Maintaining Religious Zionist Values in Public Religious Schools
Israel’s public religious school system has always been the bastion of Religious Zionism, reflecting religious and universal values and educating children to become part of a community that lives in the worlds of both Torah and Avodah successfully. In order to maintain these institutions as a reflection of the community’s values, Ne’emanei Torah Va’Avodah carefully follows trends and works to improve the schools and the system when necessary.
First, the organization conducts intensive research on areas that are potentially problematic. When troubling trends become apparent, it uses a number of avenues: awareness is raised about the problem; parents, school administrations, and authorities are conscripted; and issues are raised through lobbying activities.
Moreover, specific issues are often brought to our attention and we work diligently to assess and correct them. For example, when it became apparent some schools had increased religious studies at the expense of general studies (where traditionally the two were given equal weight), Ne’emanei Torah Va’Avodah gathered evidence of the trend, lobbied, and created media campaigns in order to ensure that the equal values were reflected equally in school curricula. We were gratified to see that the general studies removed from the school schedules are being returned; the State Comptroller’s report noted that a clearer policy was necessary; and principals are being given more authority to make decisions that suit their communities. (For more, see here).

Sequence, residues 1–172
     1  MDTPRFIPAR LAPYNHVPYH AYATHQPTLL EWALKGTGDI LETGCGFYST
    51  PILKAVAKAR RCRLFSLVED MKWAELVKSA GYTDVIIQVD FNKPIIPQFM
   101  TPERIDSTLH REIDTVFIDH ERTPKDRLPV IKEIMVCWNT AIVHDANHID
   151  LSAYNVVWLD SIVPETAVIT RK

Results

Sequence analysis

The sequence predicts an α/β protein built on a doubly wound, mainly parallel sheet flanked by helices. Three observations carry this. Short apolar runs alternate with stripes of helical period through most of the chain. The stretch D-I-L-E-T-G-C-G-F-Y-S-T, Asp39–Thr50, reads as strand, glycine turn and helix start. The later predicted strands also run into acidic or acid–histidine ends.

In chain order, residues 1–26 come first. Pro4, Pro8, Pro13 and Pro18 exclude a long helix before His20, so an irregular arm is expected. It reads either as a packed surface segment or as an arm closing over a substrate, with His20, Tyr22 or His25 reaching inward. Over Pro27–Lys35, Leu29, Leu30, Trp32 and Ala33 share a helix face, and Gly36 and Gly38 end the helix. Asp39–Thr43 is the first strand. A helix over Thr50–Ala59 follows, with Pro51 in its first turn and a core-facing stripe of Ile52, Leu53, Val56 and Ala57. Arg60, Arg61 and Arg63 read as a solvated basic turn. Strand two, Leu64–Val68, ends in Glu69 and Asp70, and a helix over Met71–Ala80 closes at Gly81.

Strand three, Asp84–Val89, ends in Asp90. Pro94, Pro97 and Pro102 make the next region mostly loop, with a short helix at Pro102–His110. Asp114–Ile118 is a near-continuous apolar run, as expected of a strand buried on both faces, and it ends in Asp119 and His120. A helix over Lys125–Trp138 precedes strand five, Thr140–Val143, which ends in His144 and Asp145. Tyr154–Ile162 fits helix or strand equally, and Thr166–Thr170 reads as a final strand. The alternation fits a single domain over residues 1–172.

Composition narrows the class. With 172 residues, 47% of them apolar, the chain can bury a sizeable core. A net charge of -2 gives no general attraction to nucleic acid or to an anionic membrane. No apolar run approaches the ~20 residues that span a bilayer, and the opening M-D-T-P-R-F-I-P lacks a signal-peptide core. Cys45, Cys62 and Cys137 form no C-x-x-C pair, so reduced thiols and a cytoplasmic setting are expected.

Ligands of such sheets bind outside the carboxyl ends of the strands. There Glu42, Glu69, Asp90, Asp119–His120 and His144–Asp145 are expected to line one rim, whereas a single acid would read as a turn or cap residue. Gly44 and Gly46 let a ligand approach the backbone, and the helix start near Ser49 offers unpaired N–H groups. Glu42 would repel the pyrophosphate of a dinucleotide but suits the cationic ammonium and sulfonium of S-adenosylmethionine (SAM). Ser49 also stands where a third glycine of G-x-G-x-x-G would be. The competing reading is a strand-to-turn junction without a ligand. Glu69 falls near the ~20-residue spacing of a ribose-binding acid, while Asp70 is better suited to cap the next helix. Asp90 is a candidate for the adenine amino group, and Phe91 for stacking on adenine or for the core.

Current activities include:
- Confronting ethnic segregation in religious schools
- Confronting gender segregation in religious schools
- Upgrading science education in religious schools
- Promoting English language studies in religious schools
- Advancing the humanities in religious schools
- Assessing overt and implied messages in textbooks used in religious schools
We are gratified to see that our research is often quoted in the media and even in the Knesset. We continue to conduct research as needed in order to observe short-term and long-term trends in the world of public religious education.